"It gives me great pleasure indeed to see the stubborness of the inorrigible nonconformist warmly acclaimed." - Albert Einstein

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I aspire to a stubbornly incorrigible nonconformity. The degree to which I have achieved my aspiration I leave in the capable hands of those whose wisdom and humilty exceed my own.

Monday, May 7, 2012

Settling In

I have been officially retired for about a month now and I am starting to settle in. I think I have a steep learning curve. I have worked for so long, and enjoyed it, that I have to learn how to be retired. It is a different set of skills and competencies. The first thing that I have leared, or decided I guess is more accurate, is that it is not a good idea to stay in your pajamas. I have adopted the very modest discipline that every single day, even if I have nothing scheduled or planned for that day, I will get up, brush my teeth, shave, dress, practice my zen meditation, and then do something. It is just too easy and self-destructive for me to just stay in my pajamas all day long.

So far I have spent time writing and reading and meditating. I have done a little housework, laundry, and yardwork. I have managed the bureaucracy of my disability and insurance. This is my new job, being retired. It is just like every other job I have ever had, I will get better at it the longer I do it. I was an excellent social worker and child welfare advocate and now I aspire to be an excellent retiree.

I have plans that are starting to formulate for me. I got an idea for a novel yesterday and started working on it, just a little, this morning. The story line is based on a real life child welfare social work experience of mine, so perhaps, if it ever gets written and published, it would evolve into a series? That sounds pretty exciting.

It has been an eventful week for me. I got my official award letter from social security, in which the government informed me that I am disabled and will begin receiving social security disability payments in August. I had expected that this would be a much more challenging process and that I would be initially denied and have to appeal, so this is good news, kind of. At least now starting in August I will have a reliable source of income. Income is a good thing.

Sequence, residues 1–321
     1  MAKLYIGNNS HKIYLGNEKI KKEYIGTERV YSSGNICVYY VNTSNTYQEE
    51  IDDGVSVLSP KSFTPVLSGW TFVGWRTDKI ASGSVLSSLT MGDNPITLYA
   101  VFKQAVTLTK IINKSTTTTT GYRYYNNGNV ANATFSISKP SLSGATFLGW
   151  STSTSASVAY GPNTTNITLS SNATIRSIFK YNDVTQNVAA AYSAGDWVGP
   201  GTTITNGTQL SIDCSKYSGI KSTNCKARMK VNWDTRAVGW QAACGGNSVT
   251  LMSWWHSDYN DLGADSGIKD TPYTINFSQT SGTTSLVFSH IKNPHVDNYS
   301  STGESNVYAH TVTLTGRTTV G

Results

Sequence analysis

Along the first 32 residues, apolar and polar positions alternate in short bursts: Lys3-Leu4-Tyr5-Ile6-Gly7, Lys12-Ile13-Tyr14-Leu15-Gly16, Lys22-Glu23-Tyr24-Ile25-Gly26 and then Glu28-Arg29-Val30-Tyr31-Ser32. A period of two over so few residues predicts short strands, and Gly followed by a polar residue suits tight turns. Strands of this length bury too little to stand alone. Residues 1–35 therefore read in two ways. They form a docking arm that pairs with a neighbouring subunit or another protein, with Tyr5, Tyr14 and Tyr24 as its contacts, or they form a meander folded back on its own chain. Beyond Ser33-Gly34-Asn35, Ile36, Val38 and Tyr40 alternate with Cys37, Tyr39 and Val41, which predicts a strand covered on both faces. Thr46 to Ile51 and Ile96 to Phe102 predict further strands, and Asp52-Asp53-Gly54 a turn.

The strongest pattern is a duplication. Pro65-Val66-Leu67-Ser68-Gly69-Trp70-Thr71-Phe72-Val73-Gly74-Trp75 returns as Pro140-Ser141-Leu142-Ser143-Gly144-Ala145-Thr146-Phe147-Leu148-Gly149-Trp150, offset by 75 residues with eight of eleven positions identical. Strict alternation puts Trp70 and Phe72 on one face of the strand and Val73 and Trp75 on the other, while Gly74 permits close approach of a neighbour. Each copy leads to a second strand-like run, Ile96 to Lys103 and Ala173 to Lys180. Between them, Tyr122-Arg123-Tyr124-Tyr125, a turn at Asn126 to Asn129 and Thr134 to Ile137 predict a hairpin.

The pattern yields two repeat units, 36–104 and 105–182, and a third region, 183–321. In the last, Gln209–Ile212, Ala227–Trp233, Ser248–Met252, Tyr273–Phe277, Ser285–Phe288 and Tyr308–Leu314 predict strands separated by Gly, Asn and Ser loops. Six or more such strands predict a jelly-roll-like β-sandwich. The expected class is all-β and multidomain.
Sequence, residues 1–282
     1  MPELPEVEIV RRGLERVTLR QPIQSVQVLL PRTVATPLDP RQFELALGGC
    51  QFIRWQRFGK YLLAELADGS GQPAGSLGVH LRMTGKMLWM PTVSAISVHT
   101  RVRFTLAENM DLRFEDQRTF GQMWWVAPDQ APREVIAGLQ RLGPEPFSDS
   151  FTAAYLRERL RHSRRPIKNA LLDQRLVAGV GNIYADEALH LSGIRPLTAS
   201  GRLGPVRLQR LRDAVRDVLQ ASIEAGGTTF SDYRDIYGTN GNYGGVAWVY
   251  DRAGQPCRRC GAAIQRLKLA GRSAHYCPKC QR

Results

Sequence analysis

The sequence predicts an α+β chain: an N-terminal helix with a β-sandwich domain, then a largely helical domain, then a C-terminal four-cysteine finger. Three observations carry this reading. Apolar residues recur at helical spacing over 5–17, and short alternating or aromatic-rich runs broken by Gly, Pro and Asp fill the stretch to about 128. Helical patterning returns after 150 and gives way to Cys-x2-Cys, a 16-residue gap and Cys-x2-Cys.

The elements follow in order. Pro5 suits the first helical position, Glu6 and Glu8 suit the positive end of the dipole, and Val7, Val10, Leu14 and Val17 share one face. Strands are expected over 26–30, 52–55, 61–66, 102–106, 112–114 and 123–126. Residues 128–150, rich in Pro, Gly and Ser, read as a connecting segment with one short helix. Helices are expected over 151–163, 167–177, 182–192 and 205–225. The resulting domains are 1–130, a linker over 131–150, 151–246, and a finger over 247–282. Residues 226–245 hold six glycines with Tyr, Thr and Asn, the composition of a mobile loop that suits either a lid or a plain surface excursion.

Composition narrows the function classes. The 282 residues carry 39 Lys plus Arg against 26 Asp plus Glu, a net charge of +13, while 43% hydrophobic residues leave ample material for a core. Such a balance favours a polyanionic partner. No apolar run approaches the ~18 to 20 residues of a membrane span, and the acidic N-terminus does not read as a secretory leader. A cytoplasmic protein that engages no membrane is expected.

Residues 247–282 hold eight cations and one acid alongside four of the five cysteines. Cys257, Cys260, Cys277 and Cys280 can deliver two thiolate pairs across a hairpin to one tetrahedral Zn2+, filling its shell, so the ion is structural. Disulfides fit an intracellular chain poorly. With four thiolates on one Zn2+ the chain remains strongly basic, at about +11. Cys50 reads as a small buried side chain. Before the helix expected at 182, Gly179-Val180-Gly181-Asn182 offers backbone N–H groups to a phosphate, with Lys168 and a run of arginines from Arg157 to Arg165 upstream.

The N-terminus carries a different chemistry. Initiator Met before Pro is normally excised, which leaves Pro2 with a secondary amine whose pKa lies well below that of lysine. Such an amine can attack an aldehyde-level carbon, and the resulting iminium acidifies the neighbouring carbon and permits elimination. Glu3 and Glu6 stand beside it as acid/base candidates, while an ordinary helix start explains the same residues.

It is hard for me to think of myself as being disabled though. I have come to terms with being disabled, it is the label that troubles me. It is perfectly alright for me to know that I am disabled, but it was not something that I particularly wanted to share with the entire world, or at least with my entire world. Of course, it now occus to me that that is exactly what I am doing by writing about it in my blog. I vascilate between thinking that publicizing my disability is whining and/or sympathy seeking behavior and thinking that letting people know how I am doing is a mature attempt to seek appropriate support from friends and family. It all depends on how I feel at any given moment.

I saw a friend at the park yesterday. I hadn't spoken to him since he had told me that he was diagnosed with and being treated for prostate cancer. He had suggested that we get together the next week and that he would call me. I knew, from other friends, that he was having a challenging time with his treatment, so I was not surprised when he didn't call me. Yesterday he apologized for not getting back to me and explained that his treatment was more difficult than he had anticipated. I reflected that we are just not as young and resilient as we once were, no matter what our brains tell us.

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